The response to Sellars’ leaving actually typifies an overreaction amongst some supporters. The truth is that at twenty-one years old, Sellars had never made a first team appearance. In fact, his only taste of any league action is just eight senior appearances in a loan spell with Wycombe Wanderers. Further to that, he had struggled for game time in the under 23’s side this season, making just seven appearances and scoring once. There was no sign of improvement; the club was right to let him go.
There is a train of thought that the club has previously let slip a huge number of potential stars. Upon scoring for Preston North End against us earlier in the season, Daniel Johnson was held up as an example of ‘yet another that comes back to haunt us’ but again, Johnson had made no first team appearances. His reserve team form was good in a similar fashion to Sellars, he failed to impress on loan stints in the lower leagues.
As well as a duty to bring players through when possible, the club also has an obligation to give youngsters a chance elsewhere if it becomes apparent that they are not looking like making the grade. I think that in general, Villa tends to get things right. Yes, Johnson scored against us. That still doesn’t mean he was good enough. In many instances, a young player will need to drop down a couple of divisions in order to develop and eventually find their level.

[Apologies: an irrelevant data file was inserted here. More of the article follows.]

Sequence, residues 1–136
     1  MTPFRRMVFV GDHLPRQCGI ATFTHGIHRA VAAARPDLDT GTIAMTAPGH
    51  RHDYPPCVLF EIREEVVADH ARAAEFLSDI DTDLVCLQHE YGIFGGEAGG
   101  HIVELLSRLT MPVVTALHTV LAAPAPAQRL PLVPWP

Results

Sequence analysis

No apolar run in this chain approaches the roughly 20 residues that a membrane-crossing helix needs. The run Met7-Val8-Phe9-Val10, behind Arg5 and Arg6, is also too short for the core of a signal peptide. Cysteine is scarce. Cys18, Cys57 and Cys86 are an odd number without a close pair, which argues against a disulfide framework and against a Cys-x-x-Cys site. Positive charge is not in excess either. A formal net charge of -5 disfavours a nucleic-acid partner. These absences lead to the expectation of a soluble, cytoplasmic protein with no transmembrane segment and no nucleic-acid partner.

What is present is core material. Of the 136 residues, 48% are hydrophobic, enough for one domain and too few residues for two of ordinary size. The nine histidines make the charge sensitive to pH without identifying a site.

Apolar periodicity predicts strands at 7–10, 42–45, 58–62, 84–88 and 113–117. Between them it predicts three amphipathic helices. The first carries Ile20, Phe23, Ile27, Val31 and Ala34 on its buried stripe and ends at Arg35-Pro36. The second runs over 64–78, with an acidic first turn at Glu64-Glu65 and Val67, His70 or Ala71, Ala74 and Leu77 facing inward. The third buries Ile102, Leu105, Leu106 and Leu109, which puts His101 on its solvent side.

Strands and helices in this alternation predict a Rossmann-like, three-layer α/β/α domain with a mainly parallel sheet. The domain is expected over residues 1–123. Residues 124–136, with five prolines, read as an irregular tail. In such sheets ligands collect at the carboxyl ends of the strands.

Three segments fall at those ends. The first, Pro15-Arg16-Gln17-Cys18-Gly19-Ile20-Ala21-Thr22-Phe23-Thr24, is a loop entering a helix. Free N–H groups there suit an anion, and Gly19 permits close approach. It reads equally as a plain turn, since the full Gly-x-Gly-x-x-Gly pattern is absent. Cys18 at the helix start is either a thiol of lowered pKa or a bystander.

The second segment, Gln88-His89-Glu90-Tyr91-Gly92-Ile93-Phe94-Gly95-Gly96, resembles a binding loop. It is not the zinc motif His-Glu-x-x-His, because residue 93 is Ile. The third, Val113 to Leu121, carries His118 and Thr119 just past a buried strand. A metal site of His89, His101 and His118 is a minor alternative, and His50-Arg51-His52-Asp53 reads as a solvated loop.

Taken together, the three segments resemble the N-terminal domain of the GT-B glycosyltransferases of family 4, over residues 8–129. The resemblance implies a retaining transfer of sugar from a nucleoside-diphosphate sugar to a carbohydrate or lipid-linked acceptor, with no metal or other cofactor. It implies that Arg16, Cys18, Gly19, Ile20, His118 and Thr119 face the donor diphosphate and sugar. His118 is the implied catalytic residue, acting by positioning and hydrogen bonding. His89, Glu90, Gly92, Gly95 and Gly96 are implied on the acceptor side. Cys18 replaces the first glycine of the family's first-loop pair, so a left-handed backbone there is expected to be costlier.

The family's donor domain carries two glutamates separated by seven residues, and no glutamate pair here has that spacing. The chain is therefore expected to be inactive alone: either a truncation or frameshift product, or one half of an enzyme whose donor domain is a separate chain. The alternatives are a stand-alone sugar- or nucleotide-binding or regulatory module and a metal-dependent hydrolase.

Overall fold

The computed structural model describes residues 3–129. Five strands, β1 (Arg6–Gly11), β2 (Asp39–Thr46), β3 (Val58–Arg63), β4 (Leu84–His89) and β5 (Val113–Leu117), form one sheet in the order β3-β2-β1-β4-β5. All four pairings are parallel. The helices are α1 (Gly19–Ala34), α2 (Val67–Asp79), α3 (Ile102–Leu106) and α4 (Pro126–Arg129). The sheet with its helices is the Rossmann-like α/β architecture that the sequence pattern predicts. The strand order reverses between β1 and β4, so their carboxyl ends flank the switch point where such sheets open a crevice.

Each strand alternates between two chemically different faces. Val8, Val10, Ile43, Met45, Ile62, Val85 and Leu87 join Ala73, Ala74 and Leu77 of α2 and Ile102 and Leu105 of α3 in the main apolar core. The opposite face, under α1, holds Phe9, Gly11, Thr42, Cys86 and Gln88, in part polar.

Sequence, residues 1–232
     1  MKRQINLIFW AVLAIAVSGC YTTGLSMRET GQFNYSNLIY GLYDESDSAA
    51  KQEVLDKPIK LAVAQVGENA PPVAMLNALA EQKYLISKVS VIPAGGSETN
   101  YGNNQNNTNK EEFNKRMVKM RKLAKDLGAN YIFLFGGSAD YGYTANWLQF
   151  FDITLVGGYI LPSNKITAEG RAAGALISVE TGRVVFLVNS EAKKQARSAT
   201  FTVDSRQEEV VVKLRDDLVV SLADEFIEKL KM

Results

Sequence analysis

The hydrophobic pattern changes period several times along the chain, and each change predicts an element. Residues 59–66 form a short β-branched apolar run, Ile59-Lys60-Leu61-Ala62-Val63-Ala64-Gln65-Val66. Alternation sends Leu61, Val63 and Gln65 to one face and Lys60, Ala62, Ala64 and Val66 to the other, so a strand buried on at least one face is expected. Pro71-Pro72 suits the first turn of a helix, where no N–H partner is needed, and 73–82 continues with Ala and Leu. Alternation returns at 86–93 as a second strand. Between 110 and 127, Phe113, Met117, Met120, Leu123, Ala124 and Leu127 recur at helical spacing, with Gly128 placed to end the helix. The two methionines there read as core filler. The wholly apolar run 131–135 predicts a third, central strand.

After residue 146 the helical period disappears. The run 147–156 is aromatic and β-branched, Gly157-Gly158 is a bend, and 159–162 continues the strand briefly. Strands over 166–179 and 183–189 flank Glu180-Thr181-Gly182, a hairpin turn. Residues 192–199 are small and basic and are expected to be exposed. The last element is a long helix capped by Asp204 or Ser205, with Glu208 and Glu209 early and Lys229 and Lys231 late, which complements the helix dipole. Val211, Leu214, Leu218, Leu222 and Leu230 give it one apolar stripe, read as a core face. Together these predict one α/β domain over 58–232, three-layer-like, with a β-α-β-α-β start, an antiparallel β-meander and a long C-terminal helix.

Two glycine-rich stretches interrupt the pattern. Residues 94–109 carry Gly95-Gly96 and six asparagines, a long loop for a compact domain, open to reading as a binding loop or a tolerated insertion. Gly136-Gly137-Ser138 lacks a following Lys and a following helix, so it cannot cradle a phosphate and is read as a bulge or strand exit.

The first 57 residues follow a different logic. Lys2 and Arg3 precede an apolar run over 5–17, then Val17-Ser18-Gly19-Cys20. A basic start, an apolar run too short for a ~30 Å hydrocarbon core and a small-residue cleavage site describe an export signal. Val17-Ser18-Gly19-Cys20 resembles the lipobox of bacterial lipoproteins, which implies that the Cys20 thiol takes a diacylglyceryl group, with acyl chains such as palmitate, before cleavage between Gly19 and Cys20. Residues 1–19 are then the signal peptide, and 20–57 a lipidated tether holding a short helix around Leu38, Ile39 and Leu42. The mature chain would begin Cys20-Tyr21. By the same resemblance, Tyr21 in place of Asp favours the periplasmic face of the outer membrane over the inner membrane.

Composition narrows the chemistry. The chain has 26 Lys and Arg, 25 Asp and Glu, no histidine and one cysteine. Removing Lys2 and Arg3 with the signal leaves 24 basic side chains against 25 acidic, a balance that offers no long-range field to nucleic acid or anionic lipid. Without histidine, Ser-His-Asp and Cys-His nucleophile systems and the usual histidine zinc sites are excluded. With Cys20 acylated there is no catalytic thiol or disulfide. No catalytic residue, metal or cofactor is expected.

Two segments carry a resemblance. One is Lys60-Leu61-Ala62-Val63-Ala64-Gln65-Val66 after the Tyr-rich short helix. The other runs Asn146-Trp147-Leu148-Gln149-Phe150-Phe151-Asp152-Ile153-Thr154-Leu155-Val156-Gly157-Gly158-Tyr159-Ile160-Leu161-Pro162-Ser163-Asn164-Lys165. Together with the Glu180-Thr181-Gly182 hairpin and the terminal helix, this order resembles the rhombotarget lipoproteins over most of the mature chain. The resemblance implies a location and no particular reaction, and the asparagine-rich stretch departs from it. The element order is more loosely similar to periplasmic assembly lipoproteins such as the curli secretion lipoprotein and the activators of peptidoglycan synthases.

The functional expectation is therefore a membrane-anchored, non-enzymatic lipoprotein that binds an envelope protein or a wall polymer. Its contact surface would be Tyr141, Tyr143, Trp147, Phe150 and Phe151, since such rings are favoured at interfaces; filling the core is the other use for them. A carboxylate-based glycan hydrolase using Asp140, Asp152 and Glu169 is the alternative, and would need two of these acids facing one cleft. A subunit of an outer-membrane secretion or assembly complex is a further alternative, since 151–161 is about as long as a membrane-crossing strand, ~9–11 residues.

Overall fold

Of course, as with any club, there are cases of ones that got away. Marc Albrighton is perhaps the most obvious recent case in point. Although now a Premier League winner and Champions League quarter-finalist, Albrighton showed no signs that he would be one day playing at that level. Despite several moments of promise, the lifelong Villa fan by his own admission notes that he spent a couple of years drifting at the club. It is easy to use Albrighton as an example of the club failing to make the most of its youth system and to bemoan that we’ve let a Premier League winner leave the club.
I would still argue that rather than Albrighton being a fantastic player, I think he found himself in a fortuitous position of being part of a Leicester team that had a winning formula at the right time. This is not a case of letting a world beater leave the club. I don’t remember being overly upset that Albrighton had left. The biggest crime was that his contract was allowed to expire and he left on a free rather than bringing in a few million via a transfer fee. That, however, is more of an indictment of how the club was being run at the time.
So what of the current crop that is left? The push for kids to be given a chance is understandable. Villa was not easy to the eye last season. Yet the link between youth being introduced and that translating into free flowing football isn’t necessarily a given.